According to a report by PitPass, Ferrari F1 Team, will receive the biggest slice of the massive $965 million prize money. It’s now stands to take home $192 million in total prize money.
The legendary Italian racing giant will receive more money than any other racing team in Formula One for its 2015 performance despite finishing second in the recent Formula One Championship.
Ferrari will receive $87 million from the main pot and an additional $35 million courtesy of a Constructors’ Championship bonus. Ferrari will also receive an additional $70 million for the team recognition as F1’s oldest team. The team has been present since the first round of the Formula One World Championship in 1950
Reigning world champion Mercedes will receive the second-highest amount, which is about $171 million. Williams F1 Team, which finished third for the second successive season, will receive $87 million in total prize money, which comprises of $10 million bonus and the main pot $77 million.
The McLaren Team will receive $82 million, that’s $50 million from the main pot and $32 million in Constructors’ Championship bonus. On the other hand, Red Bull F1 Racing Team, which finished fourth, will receive $171 million in total prize money, courtesy of $70 million from the main pot, $39 million from the Constructors’ Championship bonus and an additional $35 million bonus.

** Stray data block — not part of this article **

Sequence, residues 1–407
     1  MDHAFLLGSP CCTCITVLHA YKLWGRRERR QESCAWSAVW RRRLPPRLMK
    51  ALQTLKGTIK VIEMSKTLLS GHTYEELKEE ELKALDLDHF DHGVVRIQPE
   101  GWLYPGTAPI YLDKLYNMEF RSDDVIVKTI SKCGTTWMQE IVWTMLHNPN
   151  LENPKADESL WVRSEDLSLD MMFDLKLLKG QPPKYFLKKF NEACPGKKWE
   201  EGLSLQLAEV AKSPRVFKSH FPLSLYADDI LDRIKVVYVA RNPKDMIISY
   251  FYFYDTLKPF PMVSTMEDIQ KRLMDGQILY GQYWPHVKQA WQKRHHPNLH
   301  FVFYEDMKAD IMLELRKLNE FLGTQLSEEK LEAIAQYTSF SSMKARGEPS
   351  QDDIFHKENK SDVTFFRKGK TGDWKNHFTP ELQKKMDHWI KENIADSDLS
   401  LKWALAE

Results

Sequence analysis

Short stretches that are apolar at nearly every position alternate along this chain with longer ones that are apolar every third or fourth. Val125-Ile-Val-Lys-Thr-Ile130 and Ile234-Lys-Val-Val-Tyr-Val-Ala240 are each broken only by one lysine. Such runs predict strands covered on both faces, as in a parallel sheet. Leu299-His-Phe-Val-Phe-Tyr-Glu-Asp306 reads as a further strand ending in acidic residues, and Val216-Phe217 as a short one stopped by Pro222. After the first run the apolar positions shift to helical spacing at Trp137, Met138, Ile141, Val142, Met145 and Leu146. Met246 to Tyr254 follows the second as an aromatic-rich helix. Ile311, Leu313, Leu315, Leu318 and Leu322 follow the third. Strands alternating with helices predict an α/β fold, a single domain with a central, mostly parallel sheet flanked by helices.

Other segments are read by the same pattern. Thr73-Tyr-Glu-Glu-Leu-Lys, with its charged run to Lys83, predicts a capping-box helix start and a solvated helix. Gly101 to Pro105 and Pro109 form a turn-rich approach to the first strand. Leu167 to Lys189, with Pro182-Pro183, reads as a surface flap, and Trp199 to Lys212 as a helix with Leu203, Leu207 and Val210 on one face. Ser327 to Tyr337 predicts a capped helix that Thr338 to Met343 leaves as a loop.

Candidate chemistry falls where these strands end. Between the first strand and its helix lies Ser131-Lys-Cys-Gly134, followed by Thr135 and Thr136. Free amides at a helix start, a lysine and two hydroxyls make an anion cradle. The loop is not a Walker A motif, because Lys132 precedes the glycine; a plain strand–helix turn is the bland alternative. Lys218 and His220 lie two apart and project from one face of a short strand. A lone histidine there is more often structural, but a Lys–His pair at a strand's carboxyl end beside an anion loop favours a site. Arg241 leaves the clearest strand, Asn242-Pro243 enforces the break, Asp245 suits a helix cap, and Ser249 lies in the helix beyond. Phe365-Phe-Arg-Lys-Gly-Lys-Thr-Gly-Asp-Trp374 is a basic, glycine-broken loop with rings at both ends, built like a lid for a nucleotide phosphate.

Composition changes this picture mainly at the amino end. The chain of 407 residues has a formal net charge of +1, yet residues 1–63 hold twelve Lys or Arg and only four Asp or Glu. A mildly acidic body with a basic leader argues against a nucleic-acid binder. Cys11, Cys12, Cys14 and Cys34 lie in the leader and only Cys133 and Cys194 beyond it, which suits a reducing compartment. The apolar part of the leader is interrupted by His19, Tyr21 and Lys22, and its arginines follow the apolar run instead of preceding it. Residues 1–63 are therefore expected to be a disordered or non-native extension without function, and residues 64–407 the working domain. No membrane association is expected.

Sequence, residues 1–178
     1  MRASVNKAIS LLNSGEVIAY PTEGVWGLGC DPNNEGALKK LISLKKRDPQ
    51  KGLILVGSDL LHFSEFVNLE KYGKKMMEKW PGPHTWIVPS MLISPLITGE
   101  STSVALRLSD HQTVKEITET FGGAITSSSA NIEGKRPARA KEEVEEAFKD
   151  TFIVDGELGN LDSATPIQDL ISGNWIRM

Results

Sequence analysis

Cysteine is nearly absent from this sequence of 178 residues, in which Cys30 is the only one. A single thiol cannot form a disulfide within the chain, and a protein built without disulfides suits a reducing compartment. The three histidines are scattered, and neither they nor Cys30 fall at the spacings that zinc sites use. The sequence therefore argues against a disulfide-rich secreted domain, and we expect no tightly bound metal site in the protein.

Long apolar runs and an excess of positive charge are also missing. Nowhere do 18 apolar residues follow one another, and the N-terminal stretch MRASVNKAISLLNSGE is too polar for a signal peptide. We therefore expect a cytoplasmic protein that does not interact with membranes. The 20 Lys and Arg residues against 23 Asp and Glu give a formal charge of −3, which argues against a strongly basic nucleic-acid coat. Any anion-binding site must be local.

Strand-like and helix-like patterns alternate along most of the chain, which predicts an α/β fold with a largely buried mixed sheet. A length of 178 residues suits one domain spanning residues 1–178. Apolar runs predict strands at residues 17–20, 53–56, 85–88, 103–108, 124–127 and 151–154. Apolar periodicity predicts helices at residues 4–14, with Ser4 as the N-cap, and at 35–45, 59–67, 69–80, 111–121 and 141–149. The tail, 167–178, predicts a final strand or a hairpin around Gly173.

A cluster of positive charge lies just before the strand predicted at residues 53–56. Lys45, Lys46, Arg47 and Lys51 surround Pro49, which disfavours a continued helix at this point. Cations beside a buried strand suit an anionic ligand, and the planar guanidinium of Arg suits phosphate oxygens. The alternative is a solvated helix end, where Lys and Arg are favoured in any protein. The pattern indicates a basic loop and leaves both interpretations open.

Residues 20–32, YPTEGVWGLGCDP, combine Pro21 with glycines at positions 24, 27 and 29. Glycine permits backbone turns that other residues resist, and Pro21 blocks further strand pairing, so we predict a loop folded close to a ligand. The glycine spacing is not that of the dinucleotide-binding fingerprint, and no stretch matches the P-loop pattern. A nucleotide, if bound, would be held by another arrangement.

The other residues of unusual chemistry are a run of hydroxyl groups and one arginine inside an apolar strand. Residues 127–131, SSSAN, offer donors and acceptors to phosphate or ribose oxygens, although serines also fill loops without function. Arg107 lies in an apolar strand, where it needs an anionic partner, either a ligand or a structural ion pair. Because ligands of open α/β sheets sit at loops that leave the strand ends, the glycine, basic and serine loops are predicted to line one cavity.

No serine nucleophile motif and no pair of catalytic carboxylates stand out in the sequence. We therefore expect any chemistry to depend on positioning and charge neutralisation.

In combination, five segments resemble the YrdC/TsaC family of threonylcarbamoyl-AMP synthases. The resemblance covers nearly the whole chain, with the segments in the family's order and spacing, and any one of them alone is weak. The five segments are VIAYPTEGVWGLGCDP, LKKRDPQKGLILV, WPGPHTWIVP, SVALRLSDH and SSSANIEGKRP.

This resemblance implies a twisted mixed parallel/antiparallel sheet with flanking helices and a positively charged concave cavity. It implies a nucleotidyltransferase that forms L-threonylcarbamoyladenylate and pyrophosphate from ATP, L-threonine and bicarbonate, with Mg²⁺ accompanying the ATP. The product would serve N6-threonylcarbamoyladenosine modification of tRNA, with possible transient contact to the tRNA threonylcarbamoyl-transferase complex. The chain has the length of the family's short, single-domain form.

The remaining money will be divided between Force India( will receive $67 million), Renault F1 Team (will receive $64 million), Toro Rosso (will get $57 million), Manor F1 Racing Team ( will receive $47 million) and Sauber (will get $54 million).
The F1’s basic prize money, which includes race hosting fees, broadcasting rights, trackside sponsorship and hospitality, is decided on teams’ standings in the previous three seasons.
Formula One Group CEO Bernard Charles Ecclecstone has already confirmed that prize money for this year would be very close to a billion dollars, which is about $965 million. The Formula One CEO has described Ferrari F1 Team as F1’s version of ‘The Rolling Stone’ while defending the premium payment for the Italian racing giant in recognition of the team status as F1’s oldest team.
Currently, the figures are still unofficial, Formula One Management always keen to keep such financial matters away from public.